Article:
12. Garber AJ, Clauson P, Pedersen CB, et al. Lower risk of hypoglycemia with insulin detemir than with neutral protamine hagedorn insulin in older persons with type 2 diabetes: a pooled analysis of phase III trials. J Am Geriatr Soc 2007;55:1735-40.
  13. Diabetes Prevention Program Research Group, Crandall J, Schade D, Ma Y, et al. The influence of age on the effects of lifestyle modification and metformin in prevention of diabetes. J Gerontol A Biol Sci Med Sci 2006;61:1075-81.

Simulation Technology in Geriatric Education

Simulation Technology in Geriatric Education

Teaser: 


Anita S. Bagri, MD, Geriatric Research, Education, and Clinical Center (GRECC), VA Healthcare System, Miami, FL, USA.
Bernard A. Roos, MD, GRECC, VA Healthcare System, Miami; Stein Gerontological Institute, Miami, FL, USA.
Jorge G. Ruiz, MD, GRECC, VA Healthcare System, Miami; University of Miami Miller School of Medicine, Miami; Stein Gerontological Institute, Miami, FL, USA.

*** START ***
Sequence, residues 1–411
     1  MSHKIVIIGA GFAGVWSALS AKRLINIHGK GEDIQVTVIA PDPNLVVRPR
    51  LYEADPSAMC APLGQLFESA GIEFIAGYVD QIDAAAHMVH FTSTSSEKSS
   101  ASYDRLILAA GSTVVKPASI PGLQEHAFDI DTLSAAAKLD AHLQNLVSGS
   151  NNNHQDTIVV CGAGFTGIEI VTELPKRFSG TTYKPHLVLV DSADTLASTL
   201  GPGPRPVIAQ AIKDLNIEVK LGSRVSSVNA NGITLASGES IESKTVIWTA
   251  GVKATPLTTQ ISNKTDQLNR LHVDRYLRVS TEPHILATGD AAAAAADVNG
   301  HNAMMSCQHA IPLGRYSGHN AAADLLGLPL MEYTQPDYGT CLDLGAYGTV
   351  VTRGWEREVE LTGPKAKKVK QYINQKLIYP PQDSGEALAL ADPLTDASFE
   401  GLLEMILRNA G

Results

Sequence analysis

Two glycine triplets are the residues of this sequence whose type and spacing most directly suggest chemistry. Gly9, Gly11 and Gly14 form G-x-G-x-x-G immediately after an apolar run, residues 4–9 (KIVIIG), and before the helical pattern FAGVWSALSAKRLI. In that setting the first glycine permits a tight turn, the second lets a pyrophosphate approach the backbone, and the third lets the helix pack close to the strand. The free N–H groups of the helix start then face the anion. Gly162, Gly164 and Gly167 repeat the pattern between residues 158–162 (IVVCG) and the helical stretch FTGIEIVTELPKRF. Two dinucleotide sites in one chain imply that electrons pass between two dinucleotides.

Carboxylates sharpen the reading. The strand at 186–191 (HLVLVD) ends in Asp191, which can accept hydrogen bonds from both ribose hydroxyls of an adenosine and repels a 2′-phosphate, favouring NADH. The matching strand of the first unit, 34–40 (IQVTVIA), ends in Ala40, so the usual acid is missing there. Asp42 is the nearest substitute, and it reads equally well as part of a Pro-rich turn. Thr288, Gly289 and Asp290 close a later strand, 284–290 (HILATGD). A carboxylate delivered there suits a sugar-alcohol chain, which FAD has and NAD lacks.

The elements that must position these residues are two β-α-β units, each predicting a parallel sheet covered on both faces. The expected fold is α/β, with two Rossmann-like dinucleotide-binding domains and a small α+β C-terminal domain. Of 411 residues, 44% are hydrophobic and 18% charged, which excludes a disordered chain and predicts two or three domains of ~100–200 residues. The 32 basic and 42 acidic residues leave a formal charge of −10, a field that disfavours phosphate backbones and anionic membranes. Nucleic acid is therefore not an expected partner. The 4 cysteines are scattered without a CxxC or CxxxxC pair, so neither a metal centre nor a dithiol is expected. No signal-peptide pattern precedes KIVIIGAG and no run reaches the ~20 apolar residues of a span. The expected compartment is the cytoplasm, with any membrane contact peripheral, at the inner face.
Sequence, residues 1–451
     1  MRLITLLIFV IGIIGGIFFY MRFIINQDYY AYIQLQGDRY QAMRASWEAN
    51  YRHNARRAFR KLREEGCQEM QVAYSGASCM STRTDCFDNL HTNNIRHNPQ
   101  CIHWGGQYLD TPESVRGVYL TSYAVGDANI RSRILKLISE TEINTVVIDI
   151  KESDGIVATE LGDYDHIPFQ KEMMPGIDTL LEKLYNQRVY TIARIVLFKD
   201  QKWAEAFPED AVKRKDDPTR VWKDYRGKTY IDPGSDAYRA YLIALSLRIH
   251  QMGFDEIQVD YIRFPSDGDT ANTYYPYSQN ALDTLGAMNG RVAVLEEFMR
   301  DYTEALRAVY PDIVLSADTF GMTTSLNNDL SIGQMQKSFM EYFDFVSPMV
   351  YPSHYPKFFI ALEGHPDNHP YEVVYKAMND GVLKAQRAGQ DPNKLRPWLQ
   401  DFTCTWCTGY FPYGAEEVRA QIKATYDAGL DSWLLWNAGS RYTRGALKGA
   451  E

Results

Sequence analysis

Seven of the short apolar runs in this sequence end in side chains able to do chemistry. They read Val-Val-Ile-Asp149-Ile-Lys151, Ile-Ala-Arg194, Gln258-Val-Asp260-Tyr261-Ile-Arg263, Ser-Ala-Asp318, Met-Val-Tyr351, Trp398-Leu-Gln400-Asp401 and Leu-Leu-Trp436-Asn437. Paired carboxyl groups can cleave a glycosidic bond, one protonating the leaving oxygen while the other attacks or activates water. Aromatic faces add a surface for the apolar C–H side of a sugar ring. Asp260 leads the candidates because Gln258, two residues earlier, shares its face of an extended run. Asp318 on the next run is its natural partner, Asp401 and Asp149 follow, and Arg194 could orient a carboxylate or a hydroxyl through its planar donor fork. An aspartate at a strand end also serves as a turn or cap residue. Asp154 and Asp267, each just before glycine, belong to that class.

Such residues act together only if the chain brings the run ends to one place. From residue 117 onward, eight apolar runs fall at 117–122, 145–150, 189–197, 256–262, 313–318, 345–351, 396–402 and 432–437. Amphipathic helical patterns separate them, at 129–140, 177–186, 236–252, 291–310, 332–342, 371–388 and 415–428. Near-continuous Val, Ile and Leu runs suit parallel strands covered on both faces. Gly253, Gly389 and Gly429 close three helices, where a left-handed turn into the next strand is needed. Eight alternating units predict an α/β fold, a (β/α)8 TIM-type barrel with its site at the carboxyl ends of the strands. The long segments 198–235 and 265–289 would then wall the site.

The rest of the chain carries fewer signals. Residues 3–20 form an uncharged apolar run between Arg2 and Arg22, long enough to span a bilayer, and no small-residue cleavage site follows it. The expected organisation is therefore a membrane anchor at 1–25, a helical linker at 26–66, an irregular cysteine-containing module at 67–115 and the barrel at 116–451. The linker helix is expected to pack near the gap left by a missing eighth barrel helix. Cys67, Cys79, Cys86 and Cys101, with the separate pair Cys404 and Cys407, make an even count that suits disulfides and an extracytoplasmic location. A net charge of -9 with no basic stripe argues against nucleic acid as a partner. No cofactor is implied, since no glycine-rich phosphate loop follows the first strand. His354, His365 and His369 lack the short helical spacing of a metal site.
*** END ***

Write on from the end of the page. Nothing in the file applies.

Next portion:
Geriatrics education is severely limited by the paucity of trained educators and models of care for implementing the standardized and competency-building learning experiences that have been recognized during the past decade. Simulation can increase the reach, effectiveness, adoption, implementation, and maintenance of geriatrics education. Through simulation, educators can repeatedly present, with reduced faculty presence, standardized clinical scenarios to multiple learners with no threats to patient autonomy and safety. The knowledge-skill-attitudes elements addressed through simulation can include not only the historically well-tested technical and action skills but also individual cognitive and critical thought processes, team performance, and communication.